Acquisition makes Oracle a retail powerhouse


6 Jul 2005

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Oracle has moved to strengthen its grip on the retail market with the proposed acquisition of retail management software firm ProfitLogic for an undisclosed sum. It is Oracle’s fifth key acquisition this year.

ProfitLogic’s software analyses customer demand patterns to help retailers make inventory, pricing and merchandising decisions. Its customers include major multiples such as Toys R Us, JC Penney and Bloomingdales. ProfitLogic’s co-founder and president Scott Friend explained: “Our solutions help many leading retailers enhance their merchandising with greater insight into customer demand, enabling more localised assortment, allocation and pricing decisions.”

The proposed acquisition follows four other takeovers this year, including the US$11.1bn acquisition of PeopleSoft, a US$700m deal for retail software maker Retek as well as two other privately held software companies.

Duncan Angove, general manager of Oracle’s Retek Global Business Unit, said ProfitLogic’s software helps retailers put the right product in the right store for the right customer. “Our acquisition of ProfitLogic will create the most comprehensive software solution for the retail industry. With ProfitLogic’s Retail Profit Optimisation software, Retek’s end-to-end retail products and Oracle’s infrastructure software and enterprise resource planning applications, we will be able to offer an integrated solution for retailers of any size and in any industry.”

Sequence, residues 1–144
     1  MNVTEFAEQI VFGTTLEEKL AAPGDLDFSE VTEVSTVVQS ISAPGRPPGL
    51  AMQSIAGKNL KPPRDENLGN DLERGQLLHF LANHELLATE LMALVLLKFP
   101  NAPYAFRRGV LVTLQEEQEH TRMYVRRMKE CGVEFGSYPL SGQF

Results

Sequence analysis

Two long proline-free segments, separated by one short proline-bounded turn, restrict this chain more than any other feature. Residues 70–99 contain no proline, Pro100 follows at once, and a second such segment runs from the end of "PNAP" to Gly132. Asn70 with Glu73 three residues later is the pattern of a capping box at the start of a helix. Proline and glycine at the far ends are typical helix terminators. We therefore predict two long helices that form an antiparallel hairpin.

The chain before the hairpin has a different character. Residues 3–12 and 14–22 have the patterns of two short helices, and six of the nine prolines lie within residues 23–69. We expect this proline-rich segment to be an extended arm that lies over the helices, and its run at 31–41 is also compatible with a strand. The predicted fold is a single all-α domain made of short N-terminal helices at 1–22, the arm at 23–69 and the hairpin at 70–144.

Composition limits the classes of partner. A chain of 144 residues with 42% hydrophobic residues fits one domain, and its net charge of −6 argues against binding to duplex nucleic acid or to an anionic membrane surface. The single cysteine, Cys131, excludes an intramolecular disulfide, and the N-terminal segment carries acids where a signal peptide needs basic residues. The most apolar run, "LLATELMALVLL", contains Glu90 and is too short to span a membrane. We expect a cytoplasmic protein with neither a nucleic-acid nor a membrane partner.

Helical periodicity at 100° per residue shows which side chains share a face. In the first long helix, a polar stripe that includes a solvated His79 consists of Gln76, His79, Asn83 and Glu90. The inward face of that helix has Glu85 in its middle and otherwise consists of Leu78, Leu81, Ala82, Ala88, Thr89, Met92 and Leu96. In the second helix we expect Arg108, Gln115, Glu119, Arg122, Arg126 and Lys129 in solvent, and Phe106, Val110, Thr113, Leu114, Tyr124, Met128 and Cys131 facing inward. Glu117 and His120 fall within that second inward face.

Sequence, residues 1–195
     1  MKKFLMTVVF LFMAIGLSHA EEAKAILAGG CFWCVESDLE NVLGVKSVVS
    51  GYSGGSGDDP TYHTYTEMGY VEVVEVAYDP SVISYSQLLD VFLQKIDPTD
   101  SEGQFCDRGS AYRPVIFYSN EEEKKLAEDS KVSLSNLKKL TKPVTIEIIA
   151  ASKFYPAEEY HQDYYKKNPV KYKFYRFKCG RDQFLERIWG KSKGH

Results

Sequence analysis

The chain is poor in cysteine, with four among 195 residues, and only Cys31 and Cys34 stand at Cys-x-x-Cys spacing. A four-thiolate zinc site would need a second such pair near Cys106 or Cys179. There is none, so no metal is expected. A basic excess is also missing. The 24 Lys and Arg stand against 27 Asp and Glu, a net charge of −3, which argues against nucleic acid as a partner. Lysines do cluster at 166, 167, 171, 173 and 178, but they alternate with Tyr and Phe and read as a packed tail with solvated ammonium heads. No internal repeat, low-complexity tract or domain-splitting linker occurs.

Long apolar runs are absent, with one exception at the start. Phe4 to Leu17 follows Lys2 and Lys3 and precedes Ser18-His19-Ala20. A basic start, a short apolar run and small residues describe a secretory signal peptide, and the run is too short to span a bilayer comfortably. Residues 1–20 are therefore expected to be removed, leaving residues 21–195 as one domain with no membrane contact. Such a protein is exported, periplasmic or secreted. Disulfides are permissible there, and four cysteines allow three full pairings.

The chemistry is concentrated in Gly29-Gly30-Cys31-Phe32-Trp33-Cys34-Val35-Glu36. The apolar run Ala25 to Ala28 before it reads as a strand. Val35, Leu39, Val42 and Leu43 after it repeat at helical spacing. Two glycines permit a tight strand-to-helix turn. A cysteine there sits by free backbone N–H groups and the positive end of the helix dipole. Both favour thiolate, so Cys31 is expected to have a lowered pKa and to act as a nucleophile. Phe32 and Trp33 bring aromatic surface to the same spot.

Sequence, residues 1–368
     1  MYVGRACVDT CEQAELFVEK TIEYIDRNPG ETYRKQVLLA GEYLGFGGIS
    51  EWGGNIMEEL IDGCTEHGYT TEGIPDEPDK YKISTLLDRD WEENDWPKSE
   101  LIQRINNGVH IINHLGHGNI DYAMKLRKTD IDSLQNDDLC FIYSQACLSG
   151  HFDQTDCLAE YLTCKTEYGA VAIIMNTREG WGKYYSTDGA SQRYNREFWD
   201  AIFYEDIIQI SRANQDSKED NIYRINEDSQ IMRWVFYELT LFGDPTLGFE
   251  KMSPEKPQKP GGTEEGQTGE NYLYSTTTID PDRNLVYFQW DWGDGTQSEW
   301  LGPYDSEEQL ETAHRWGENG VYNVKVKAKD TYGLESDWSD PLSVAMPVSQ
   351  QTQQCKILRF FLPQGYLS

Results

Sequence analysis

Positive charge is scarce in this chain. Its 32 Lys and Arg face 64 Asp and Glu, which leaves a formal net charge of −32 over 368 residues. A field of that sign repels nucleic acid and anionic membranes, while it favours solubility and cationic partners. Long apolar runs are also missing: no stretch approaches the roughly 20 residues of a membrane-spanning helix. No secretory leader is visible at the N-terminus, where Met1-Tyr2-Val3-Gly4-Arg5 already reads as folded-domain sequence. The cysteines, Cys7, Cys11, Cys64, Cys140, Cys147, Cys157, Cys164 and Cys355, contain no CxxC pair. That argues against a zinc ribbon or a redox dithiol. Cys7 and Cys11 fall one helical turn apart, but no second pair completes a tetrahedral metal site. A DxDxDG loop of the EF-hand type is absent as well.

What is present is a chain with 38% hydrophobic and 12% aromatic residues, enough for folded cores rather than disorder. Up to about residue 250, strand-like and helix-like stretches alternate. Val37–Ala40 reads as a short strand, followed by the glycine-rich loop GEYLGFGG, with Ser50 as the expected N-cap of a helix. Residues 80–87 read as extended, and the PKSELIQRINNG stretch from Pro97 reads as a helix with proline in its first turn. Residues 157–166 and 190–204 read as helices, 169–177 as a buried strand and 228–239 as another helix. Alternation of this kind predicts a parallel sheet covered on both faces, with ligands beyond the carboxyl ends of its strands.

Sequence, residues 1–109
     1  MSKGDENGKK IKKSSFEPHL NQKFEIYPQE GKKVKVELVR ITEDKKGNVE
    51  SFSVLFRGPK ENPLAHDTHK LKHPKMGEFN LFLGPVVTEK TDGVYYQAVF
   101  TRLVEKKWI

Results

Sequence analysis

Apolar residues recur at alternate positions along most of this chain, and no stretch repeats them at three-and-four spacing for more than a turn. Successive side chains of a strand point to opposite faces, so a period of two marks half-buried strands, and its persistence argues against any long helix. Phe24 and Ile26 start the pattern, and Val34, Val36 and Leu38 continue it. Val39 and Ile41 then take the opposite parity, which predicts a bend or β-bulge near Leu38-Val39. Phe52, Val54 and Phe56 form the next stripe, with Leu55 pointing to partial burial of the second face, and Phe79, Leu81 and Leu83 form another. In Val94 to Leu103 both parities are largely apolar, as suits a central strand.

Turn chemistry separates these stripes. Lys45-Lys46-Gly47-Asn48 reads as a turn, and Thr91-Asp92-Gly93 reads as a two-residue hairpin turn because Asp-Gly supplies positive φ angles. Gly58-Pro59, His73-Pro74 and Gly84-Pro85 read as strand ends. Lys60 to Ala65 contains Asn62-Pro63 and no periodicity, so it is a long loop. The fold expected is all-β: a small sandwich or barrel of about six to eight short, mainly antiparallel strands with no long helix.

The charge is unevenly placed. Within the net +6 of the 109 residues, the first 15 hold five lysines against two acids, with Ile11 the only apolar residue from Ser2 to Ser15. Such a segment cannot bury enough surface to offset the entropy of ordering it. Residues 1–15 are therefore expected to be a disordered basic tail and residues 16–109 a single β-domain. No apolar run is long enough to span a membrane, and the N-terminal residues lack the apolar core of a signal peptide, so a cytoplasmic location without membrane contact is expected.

The imperative for greater customer insights by multiple store chains was underlined by the vice-president of research at AMR Research Scott Langdoc. “The top priority for retailers in 2005 is to inject insight from all aspects of customer demand into every retail process flow, not just individual applications as is often the case today. These retailers also act on these demand signals with better merchandising and store execution.

“Thoroughly leveraging customer information will enable retailers to move from traditional hunch-based decision-making to fact-based decision making. Benefits include tighter execution, more accurate forecasting and a reduction in out of stocks, resulting in potential 10pc sales and 5pc margin growth for an average tier one retailer,” Langdoc said.

By John Kennedy